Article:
The White Sox plan to retaliate when their batters are hit

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UPDATE: I should probably start reading this blog once in a while, because it wasn’t until after I already posted this that I realized that Matthew posted on he same comments last night.   He was far less self-righteous than I was about it, though, so I suppose both takes can stay up.

11: 18 AM: Longtime readers know my view on intentional plunkings and beanball wars: I hate ’em.  A pitched ball could potentially kill a guy, so the idea of a pitcher intentionally aiming one at a batter is just abhorrent to me.

But obviously I’m out of step with major league baseball here, as there is a long and rich tradition of hit batsmen being avenged by a pitcher throwing at the other guys in retaliation.  It largely goes unspoken because people tend to get fined when they admit that that’s what’s going on, but that is what’s going on.

And it’s not always unspoken.  Take this from White Sox’ bench coach Mark Parent, who was asked about White Sox batters getting hit a lot last season:

One fan’s question to the coaching staff about the lopsided statistics brought much interest to a large crowd Sunday at SoxFest. “You hit our guy, we’ll hit your guy,” said new bench coach Mark Parent, whose reply was met with scattered applause.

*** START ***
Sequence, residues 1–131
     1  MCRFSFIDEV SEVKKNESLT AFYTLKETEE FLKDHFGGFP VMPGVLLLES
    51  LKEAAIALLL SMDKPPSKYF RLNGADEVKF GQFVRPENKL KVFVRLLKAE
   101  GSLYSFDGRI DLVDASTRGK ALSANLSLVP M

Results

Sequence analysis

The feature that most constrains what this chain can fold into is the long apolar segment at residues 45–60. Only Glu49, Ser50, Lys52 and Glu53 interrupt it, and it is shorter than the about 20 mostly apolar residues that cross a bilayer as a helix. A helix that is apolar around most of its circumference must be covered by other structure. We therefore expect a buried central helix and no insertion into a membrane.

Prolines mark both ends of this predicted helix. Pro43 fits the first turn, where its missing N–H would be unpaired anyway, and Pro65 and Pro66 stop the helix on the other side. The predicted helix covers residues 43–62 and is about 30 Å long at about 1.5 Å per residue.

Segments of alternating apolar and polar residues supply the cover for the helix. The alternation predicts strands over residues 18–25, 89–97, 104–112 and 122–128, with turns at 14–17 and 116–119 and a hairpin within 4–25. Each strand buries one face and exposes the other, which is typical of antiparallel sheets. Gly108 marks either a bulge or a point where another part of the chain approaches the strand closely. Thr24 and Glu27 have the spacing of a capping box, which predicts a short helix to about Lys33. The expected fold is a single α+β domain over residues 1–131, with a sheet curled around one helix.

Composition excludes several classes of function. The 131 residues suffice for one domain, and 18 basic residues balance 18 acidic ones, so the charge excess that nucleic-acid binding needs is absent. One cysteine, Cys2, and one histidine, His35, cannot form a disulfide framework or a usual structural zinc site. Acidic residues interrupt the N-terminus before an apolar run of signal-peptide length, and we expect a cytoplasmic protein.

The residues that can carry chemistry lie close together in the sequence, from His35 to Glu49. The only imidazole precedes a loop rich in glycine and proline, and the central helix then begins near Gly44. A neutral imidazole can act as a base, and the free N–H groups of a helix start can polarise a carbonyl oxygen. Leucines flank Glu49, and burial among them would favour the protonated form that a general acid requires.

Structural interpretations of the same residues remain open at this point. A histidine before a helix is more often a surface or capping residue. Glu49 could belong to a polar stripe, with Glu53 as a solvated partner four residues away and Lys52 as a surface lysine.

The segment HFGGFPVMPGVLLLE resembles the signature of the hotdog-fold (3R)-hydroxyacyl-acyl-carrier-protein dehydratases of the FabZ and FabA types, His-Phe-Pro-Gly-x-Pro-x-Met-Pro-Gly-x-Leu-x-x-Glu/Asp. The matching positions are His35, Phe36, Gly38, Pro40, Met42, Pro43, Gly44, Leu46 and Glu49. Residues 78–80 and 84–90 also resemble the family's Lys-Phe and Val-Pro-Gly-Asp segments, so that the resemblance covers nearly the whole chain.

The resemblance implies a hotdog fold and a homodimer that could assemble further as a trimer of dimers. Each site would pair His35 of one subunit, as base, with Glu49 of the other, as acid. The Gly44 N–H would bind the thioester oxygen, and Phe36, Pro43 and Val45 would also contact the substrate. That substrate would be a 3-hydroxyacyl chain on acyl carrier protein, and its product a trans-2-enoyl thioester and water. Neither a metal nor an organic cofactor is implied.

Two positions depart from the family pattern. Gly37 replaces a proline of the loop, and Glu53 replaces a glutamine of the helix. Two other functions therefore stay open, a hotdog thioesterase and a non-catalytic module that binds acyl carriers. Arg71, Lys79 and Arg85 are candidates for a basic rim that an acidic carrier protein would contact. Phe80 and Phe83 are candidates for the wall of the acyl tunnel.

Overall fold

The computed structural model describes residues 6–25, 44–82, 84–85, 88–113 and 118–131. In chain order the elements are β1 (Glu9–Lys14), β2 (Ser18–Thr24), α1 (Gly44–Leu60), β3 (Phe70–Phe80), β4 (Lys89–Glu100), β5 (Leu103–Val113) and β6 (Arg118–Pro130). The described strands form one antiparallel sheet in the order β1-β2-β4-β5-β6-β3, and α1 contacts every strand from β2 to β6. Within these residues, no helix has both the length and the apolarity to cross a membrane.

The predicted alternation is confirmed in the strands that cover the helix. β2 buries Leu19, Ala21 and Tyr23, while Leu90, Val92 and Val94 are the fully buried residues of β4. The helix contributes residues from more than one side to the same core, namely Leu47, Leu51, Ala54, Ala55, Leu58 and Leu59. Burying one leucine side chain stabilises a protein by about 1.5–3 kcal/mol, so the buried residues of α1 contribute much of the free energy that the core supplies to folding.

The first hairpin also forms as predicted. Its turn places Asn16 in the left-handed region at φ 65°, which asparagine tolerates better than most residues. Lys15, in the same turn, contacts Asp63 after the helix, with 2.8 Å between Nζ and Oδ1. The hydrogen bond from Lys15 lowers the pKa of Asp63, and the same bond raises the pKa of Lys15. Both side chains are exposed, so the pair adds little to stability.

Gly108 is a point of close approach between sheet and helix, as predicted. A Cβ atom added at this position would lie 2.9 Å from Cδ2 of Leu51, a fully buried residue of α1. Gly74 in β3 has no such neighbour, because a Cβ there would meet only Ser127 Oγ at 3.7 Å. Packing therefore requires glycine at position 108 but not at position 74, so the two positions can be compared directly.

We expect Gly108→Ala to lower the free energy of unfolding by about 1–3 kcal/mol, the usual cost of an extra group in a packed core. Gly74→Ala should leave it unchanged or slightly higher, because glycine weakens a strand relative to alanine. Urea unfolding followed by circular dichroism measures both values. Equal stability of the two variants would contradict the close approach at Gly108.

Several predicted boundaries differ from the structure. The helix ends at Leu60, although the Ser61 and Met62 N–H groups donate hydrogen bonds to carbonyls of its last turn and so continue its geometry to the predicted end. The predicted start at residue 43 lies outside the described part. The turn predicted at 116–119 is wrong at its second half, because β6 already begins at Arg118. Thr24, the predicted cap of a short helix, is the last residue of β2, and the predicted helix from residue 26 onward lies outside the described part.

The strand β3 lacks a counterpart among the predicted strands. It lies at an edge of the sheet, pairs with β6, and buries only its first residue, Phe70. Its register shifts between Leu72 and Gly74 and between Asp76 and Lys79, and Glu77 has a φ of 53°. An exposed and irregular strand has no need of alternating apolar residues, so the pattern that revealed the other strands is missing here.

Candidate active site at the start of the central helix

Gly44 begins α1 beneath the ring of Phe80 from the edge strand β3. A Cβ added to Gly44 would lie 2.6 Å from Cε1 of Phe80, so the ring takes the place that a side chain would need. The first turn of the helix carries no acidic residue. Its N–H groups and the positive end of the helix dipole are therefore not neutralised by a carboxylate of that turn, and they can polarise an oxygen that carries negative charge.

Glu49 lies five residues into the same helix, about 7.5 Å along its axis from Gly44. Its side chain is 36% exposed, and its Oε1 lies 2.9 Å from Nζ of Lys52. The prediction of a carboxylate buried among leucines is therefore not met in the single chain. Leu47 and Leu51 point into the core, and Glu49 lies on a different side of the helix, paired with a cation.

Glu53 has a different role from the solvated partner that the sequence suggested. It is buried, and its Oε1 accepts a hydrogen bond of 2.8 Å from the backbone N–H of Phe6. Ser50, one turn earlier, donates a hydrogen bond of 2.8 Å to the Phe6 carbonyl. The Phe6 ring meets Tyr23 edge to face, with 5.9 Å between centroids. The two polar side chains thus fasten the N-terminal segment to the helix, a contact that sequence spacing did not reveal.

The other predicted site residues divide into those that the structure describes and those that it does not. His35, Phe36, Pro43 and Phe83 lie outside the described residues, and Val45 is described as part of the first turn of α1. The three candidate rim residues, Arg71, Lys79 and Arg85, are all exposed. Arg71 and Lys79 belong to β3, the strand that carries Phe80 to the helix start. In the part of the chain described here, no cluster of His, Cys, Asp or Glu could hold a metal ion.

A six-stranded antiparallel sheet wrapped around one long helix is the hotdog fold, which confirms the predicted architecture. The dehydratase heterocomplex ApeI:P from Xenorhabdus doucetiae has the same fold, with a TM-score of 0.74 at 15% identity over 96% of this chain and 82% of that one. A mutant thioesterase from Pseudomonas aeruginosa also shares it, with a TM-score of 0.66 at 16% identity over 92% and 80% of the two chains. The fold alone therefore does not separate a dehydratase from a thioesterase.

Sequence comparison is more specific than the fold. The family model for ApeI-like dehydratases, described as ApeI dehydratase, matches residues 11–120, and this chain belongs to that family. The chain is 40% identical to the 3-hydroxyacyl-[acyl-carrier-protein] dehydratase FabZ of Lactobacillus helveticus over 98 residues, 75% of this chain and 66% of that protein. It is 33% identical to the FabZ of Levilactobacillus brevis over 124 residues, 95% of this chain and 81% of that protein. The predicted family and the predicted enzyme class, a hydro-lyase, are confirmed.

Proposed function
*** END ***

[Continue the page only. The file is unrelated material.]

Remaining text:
Note: find the people who offered the applause and have nothing to do with them in the future.

I don’t know how you can cheer for that. I don’t know how any reasonable person can see their team’s player get hit and have their first impulse be “we need to hit them!” as opposed to “that pitcher needs to get ejected and suspended.”

And yes, I realize that this easily branches out into a discussion of the purposes of the criminal justice system, revenge vs. punishment, etc. etc.  If you wanna have that discussion, great, let’s have it.  The same considerations apply in my view.

Nationals’ Strasburg ejected for arguing from the stands

Geoff Burke-USA TODAY Sports
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NEW YORK — A pitcher getting ejected for arguing balls and strikes – on his day off? And, from the stands?

Nationals star Stephen Strasburg earned one of baseball’s most unique ejections – probably ever – in the third inning of Washington’s game against the New York Mets on Thursday.

Strasburg was sitting in Section 121 at Citi Field in this socially distant season because he’s scheduled to start Friday against Baltimore Orioles. He was apparently unhappy with the strike zone of plate umpire Carlos Torres after Austin Voth‘s 2-2 pitch to Pete Alonso on the outside corner was ruled a ball.

Moments later, Torres ejected last year’s World Series MVP, though it took a few seconds to realize who had been tossed.

Someone was heard yelling: “You’re (expletive) brutal” shortly before television cameras captured Strasburg doffing his cap as he walked up the staircase on his way out of the park.

“Sorry, folks – sorry, FCC,” Mets broadcaster Gary Cohen said on SNY.

The usually stoic Strasburg appeared to be grinning underneath his blue mask as he made his exit.